🚆 Train: As PT. KAI runs all the train services here, they’re known to be fairly dependable and punctual, albeit being priced at a premium. Seats of different classes—executive, business and economy—are priced differently. Tickets can be purchased on the website, mobile app, or booking sites like Traveloka.
💡 Tip: Safety can be an issue in certain cities, because bus drivers are known for their reckless driving, and pickpockets are rife on public transport. If we were you, we’d strap in good and stay alert about your belongings.
Also, avoid travelling at the end of Ramadan, when there’s a ton of outgoing activity from the cities to the rural regions. If you absolutely have to, call dibs in advance to save yourself a seat!
🚆 Train: For a country so small that it takes less than an hour to get from one end to another, the overground and underground train network certainly isn’t slackening off. In Singapore, the Mass Rapid Transit (MRT) is truly the only network you need. Stations are located near main attractions and commercial districts, and you can’t go wrong by following the idiot-proof signs.
The rail experience is known to be very systematic and inclusive here, with stations made friendly for wheelchairs, strollers and visually-impaired users, and trains that consistently run once every few minutes. Keep a lookout for the cutesy, iconic mascots on the station and train decals too!
🚌 Buses: Three types of buses run in the Philippines’ National Capital Region—provincial, city services within Metro Manila, and P2P (point-to-point) ones in Manila itself. The city buses have several pick-ups and drop-off points in Manila, and you only pay your fares when the conductor comes around. On the other hand, the P2P buses have just one pick-up and drop-off point. Depending on the private operators, the bus lines and comfort levels may vary.
If you’re taking the city buses, have some loose change on you to pay the conductor with. If you’re taking the P2P system, don’t forget to purchase a reloadable beep card, which you can also use to pay for convenience store purchases.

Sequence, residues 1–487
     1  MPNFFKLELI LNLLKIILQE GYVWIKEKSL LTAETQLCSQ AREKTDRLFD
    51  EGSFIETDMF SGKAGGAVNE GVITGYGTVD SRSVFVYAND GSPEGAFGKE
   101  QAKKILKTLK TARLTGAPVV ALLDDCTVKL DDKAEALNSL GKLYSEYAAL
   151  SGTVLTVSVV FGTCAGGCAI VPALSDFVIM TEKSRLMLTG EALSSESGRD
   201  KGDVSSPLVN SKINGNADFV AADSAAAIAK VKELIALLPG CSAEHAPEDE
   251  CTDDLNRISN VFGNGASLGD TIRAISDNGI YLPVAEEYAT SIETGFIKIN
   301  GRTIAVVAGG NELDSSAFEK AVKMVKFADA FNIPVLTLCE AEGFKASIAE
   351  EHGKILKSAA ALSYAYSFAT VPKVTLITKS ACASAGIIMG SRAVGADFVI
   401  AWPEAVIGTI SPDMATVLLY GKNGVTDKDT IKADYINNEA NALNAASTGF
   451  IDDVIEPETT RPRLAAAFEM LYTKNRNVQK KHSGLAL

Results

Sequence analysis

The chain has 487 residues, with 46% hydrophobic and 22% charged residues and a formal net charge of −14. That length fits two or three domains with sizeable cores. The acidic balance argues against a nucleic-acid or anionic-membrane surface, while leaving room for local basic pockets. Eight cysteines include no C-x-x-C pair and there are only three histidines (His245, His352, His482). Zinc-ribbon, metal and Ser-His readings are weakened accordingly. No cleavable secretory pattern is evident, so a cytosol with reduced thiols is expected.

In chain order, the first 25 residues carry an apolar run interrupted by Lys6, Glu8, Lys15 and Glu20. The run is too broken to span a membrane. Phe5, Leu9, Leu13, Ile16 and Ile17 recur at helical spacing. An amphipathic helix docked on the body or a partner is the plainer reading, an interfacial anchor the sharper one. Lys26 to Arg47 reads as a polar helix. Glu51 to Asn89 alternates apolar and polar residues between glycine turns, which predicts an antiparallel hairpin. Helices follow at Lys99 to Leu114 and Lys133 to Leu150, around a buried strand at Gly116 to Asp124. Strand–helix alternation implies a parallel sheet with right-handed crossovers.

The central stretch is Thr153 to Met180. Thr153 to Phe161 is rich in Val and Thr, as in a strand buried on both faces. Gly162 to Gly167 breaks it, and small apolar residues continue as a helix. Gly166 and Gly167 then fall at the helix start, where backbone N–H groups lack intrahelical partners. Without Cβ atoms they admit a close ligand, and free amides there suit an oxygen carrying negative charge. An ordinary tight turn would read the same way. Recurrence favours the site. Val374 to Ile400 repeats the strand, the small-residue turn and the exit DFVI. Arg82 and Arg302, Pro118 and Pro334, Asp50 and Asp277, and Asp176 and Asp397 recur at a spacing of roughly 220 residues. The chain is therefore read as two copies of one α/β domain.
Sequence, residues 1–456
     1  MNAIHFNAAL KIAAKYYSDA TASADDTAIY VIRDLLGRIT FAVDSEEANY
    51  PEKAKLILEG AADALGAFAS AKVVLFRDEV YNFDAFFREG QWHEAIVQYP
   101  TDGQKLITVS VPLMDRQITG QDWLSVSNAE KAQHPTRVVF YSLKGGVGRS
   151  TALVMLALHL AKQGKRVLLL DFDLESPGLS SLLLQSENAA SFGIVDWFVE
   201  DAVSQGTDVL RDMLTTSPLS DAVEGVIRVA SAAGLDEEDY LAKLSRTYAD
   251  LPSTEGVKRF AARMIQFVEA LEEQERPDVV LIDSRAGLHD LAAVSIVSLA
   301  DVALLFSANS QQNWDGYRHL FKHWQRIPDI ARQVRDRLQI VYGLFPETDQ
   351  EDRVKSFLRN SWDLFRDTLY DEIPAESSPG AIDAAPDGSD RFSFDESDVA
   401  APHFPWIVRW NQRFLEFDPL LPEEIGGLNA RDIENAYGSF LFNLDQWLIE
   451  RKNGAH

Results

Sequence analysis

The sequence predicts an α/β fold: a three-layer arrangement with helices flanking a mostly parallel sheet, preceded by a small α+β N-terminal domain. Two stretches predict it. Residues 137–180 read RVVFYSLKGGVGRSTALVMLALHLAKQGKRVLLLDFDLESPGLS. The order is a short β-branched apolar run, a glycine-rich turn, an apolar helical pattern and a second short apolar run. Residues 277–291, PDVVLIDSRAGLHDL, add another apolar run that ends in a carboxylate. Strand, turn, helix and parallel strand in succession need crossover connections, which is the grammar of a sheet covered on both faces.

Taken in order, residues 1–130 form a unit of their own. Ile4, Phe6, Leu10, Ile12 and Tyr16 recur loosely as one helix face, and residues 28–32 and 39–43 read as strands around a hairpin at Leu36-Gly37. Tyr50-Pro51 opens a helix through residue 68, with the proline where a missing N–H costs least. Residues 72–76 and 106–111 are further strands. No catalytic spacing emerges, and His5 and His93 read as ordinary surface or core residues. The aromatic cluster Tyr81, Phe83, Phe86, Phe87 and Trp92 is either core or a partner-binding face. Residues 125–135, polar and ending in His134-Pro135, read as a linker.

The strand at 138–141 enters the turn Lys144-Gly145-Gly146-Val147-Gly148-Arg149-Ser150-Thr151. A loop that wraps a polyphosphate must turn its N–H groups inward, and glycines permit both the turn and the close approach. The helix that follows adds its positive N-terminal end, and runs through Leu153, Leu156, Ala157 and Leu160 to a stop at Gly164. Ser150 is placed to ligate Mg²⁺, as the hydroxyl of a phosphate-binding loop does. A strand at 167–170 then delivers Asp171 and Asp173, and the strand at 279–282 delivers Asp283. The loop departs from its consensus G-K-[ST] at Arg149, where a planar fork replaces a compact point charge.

🚆 Trains: Manila’s three main lines are the MRT (Metro Rail Transit) Line 3 and the Light Rail Transit (LRT) Lines 1 and 2. They connect at the Pasay Interchange, wherefrom you can travel onward on the MRT blue line to districts like Makati and Ortigas, or the LRT yellow line to Malate and Intramuros.
💡 Tip: Most people in Manila use trains to overcome road traffic, as a 30-minute rail journey could very well take up to hours by car. This, however, may not be the case during peak hours, so you’d want to plan ahead if there’s somewhere you need to be.
Also, few stations have functioning escalators and elevators or connect directly to malls. Consider cabbing it if you have baggage in tow.
🚌 Bus: In possibly the two most modernised Vietnamese cities, Hanoi and Ho Chi Minh, you would find public buses charging between VND5,000-10,000 and VND3,000-10,000, respectively. They typically depart from the city’s main terminals before hitting the streets, and commuters can purchase tickets from the conductor.
A fair word of warning, though. The quality isn’t the best, and you have to be prepared to stand if the bus is too crowded!
🚆 Train: Even though there isn’t a solid rail network in Vietnam yet, the country is working towards opening Line 1 in Ho Chi Minh City by 2020, and a goal of six underground lines and three monorails in the long haul.
As the locals do
Be it joining the working class in their morning peak hour rush, or people-watching at midday as school children make their way home, these public transportation systems are attractions of their own.
If you have a tight schedule to keep, it will make more sense to make it to a destination in good time by taxi. But if you’ve got some downtime or a tight budget, fumbling your way through the city’s underbelly can make an eye-opening adventure and give you a sense of how the locals get about their everyday routines.